I’ve got some mixed feelings about destroying books to turn them into other things. I love books, and I feel a reflexive horror whenever I see that someone has cut up pages to use for their art project, or shoved a little bit of book into a piece of jewellery. One of the reasons why this bothers me is that the books being used in this way are usually fine and sometimes even new. Someone could pick that volume up and read those pages. This is in some senses a bit silly. If someone wants to cut pages out of a Harry Potter book and use it for their decoupage, nobody is really losing out. For the publishers, it’s yet another sale. I don’t suppose we’re going to run out of copies of these books any time soon. So I might not be having a strictly rational reaction. When is a piece of paper not a piece of paper? When it’s a book, or a photo. Fabric takes on new significance when it becomes a flag. We all do it. Not so much the flag thing in my case. Never have understood that one.
But there’s no doubt that there are a lot of books that are… a bit knackered. Many of them won’t find another reader. They might be a bit mildewy. Second hand bookshops and charity shops don’t want them. Libraries have more of them than they know what to do with. And they’re not easy to recycle in their current state. Are they going to landfill? Not in my town. No, I mean that in a non rhetorical sense – our rubbish is incinerated to fuel a power station. Which means these books are going off to be burned. WHICH IS OBVIOUSLY WORSE THAN WHATEVER MOD-PODGED MONSTROSITY THAT ETSY SELLER WAS THINKING OF.
I went into Blackwells when I was exploring the area around my office, and I’ve been kinda coveting one of these notebooks ever since. Which one did I end up choosing? Of the notebooks available when I went in, Essays In Musical Analysis Vol I: Symphonies by Tovey seemed to be the most me. me of all the ones available. I’m kinda musical after all.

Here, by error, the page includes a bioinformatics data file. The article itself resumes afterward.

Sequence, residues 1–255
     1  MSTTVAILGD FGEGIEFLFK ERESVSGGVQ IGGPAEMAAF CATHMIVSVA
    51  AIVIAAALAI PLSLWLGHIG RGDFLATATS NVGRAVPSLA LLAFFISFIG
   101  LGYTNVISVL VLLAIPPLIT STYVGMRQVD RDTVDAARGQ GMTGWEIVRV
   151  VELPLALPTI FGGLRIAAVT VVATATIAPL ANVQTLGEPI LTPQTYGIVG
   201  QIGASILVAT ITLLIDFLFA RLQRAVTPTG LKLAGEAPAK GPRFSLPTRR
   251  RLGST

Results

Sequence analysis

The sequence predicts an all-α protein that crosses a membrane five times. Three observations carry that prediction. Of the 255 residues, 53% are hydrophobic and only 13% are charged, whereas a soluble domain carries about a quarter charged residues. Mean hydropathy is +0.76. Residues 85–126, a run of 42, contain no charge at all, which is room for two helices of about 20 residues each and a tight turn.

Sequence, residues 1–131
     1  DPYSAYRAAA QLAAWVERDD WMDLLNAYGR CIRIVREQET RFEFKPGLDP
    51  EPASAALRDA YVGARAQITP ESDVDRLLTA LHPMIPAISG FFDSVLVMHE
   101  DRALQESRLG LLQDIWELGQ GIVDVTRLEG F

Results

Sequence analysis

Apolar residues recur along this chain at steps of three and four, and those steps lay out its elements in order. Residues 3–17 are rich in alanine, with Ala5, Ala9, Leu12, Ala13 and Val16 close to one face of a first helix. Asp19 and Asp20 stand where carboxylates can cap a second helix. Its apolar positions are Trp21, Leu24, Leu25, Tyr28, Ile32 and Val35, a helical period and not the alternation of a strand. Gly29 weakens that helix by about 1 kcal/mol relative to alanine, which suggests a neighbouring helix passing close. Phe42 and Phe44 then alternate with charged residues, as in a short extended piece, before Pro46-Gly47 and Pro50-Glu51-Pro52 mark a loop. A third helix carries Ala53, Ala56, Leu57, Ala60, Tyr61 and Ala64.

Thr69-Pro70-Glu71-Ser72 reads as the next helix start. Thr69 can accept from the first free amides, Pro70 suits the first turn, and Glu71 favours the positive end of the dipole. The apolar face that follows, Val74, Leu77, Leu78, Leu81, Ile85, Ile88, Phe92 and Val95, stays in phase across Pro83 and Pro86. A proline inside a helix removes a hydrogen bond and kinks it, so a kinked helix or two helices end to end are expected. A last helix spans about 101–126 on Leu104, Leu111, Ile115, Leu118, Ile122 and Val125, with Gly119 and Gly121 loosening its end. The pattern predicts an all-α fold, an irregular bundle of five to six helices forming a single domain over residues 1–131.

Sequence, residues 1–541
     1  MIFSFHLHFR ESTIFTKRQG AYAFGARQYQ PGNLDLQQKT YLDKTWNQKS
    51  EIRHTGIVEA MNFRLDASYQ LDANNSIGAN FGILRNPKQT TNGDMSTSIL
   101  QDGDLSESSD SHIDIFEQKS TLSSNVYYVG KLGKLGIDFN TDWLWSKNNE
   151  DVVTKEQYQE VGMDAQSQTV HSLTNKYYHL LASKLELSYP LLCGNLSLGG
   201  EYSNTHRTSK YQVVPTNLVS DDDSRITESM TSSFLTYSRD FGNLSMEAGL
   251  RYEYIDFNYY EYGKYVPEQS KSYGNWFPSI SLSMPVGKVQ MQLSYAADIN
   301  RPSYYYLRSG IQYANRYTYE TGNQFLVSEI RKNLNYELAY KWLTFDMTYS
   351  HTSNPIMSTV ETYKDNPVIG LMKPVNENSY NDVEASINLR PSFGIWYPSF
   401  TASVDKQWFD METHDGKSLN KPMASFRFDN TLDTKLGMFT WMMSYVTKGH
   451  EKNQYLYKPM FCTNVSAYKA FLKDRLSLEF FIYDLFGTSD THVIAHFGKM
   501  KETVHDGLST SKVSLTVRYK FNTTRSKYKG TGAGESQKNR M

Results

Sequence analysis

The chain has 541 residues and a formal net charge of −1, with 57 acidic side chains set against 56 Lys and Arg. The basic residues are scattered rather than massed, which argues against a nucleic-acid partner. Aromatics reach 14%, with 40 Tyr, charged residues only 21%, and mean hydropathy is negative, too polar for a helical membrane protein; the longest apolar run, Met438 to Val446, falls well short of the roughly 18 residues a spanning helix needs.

Who is this Tovey chap? As it turns out, he’s Donald Tovey (1875-1940), a conductor, composer and (obviously) dude who wrote about music. This series of Essays in Musical Analysis were the Classical Music for Dummies of their day. I have to admit that I hadn’t heard of the guy before, but if you’re curious you can find recordings of some of his compositions on YouTube.
So, back to the notebook. The old cover is a bit beaten up but you’d expect that, and it works just fine as a notebook cover.
I was surprised by how nice and smooth the paper was. You shouldn’t be surprised when you pick up a notebook from an unknown entity and it contains paper that isn’t terrible. And yet. THESE ARE THE TIMES WE LIVE IN. WOE! WOE! The simple reason is that biros don’t care if you’re writing on the smoothest and most luxurious paper in the world, or on a stale piece of bread. Fountain pens care a great deal, however, so those of us who use them spend a lot of time saying “but is that paper any good? I like this notebook but I DEMAND someone else tries one out first!”
These were originally designed as sketchbooks, which is why they’re all blank. There are no lined or grid versions available, although it’s just about translucent enough that you could use a line guide under it if you wanted to. It’s a fairly dark cream colour, which might not be to everyone’s liking – especially for art. It reminds me of Clairefontaine’s Trophée range of printer papers, which has a little more tooth to it than Triomph, but performs beautifully nonetheless.
You can get About Blanks from a selection of shops across Europe (check their website) or you can order online.